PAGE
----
COVID-19 patients see recovery due to experimental drug remdesivir: report

Manufacturer says anecdotal reports are encouraging, but not enough to determine the drug's 'safety' or 'efficacy'

An experimental drug called remdesivir is showing great results in helping people recover from COVID-19.

CNN reported that patients participating in the clinical trial of the drug all have respiratory challenges and a fever, but after taking remdesivir, they have been able to leave the hospital in just a few days after treatment.

READ MORE: Black scientists to test antiviral drug to treat coronavirus

“The best news is that most of our patients have already been discharged, which is great. We’ve only had two patients perish,” Dr. Kathleen Mullane, a University of Chicago infectious disease specialist leading the clinical trial, said in a video with her colleagues about the drug’s promise, according to STAT News.

“Most of our patients are severe and most of them are leaving at six days, so that tells us duration of therapy doesn’t have to be 10 days,” Mullane reportedly told colleagues reported STAT News.

Black Scientist theGrio.com
Forensic scientist Jasmine Thomas prepares blood samples (Photo by Mario Villafuerte/Getty Images)

Currently, there are no approved therapies to treat the COVID-19, however, the National Institutes of Health has been conducting clinical trials to test drugs for treatments. Remdesivir is one of the drugs the agency is testing.

Remdesivir was created by Gilead Sciences, and although it was tested to treat Ebola yet showed little effectiveness in treating that disease, multiple studies in animals showed it to be highly effective at both preventing and treat coronaviruses related to COVID-19. If what Mullane says is true, it looks promising for humans.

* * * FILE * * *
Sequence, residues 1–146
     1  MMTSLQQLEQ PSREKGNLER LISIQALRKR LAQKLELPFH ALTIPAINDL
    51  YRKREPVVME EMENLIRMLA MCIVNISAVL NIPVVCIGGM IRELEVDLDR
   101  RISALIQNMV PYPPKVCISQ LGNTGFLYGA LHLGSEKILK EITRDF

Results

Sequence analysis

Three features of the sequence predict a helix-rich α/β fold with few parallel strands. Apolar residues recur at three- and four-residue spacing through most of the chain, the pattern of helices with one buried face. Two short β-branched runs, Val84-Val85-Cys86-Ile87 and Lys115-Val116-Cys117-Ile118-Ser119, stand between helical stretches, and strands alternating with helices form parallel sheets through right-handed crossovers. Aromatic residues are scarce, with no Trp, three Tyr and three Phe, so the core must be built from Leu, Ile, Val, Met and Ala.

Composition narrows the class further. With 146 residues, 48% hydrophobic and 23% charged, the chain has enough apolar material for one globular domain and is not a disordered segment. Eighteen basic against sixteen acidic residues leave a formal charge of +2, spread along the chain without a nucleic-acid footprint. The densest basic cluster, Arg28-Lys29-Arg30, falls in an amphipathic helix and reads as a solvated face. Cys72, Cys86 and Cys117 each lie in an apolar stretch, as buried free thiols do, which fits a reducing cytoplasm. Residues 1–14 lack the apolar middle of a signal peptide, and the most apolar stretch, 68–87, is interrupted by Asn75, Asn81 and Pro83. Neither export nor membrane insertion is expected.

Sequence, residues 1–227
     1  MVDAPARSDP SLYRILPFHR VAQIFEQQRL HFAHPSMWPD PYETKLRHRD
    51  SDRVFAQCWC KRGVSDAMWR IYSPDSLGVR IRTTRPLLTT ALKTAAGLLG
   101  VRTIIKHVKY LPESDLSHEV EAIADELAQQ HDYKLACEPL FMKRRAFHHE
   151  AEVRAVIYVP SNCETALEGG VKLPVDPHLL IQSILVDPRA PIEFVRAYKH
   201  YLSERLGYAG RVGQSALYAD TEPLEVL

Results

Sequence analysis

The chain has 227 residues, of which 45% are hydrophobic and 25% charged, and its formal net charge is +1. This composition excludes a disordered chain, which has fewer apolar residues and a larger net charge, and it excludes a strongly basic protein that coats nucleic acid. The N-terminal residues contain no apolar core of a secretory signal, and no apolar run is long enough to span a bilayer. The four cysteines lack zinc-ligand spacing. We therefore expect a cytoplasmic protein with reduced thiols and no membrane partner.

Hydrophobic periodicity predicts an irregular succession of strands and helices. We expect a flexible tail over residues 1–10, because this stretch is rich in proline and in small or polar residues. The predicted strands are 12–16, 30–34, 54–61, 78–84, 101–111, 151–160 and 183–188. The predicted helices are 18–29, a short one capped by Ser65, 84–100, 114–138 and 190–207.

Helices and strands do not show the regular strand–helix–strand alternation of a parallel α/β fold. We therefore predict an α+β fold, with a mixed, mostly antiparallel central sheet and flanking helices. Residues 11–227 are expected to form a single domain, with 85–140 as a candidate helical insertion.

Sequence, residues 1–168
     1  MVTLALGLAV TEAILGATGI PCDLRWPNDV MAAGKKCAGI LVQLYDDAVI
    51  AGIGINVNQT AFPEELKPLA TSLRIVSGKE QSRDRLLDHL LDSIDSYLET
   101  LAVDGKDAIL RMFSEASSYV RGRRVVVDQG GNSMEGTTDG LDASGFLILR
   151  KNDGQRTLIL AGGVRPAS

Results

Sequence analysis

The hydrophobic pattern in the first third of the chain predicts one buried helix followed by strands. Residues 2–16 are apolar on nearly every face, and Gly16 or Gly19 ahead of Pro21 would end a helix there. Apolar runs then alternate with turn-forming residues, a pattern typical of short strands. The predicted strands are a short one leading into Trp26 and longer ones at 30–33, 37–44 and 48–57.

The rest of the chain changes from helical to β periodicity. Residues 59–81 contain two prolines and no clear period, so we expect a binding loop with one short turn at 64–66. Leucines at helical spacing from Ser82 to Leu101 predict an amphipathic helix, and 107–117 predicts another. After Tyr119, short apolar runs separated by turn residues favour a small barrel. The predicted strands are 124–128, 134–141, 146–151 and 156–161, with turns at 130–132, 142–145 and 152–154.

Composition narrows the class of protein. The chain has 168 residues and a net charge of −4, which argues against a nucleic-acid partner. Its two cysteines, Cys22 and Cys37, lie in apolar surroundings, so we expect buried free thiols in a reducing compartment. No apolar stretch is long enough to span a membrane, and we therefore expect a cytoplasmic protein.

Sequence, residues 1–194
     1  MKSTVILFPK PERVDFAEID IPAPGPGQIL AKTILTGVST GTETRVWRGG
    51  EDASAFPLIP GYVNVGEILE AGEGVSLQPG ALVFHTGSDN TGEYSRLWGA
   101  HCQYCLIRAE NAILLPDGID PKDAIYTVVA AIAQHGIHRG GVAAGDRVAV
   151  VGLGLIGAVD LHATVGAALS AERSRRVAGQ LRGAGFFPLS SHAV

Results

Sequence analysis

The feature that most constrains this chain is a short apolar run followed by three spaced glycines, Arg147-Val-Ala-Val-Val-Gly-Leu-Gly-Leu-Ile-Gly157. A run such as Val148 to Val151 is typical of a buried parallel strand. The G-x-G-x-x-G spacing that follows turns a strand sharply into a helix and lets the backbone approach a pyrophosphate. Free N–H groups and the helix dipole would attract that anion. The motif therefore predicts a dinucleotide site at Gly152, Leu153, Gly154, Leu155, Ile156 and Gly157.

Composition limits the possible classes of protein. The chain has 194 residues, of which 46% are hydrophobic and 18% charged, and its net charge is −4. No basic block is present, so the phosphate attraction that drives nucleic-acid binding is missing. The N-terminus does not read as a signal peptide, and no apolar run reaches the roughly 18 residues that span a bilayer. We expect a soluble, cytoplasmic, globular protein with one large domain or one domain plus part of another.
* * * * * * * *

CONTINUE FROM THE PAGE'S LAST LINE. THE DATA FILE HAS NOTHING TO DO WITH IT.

READ MORE: Man dies after taking drug promoted by Trump to treat COVID-19

Gilead is now sponsoring additional tests of remdesivir in 2,400 patients who exhibit severe COVID-19 symptoms at 152 trial sites globally. The company is also running clinical tests of the drug on 1,600 patients who have moderate symptoms at 169 hospitals and clinics worldwide.

Results should be conclusive by the end of April.

“We understand the urgent need for a COVID-19 treatment and the resulting interest in data on our investigational antiviral drug remdesivir,” the company told CNN in a statement.

“The totality of the data need to be analyzed in order to draw any conclusions from the trial. Anecdotal reports, while encouraging, do not provide the statistical power necessary to determine the safety and efficacy profile of remdesivir as a treatment for COVID-19.”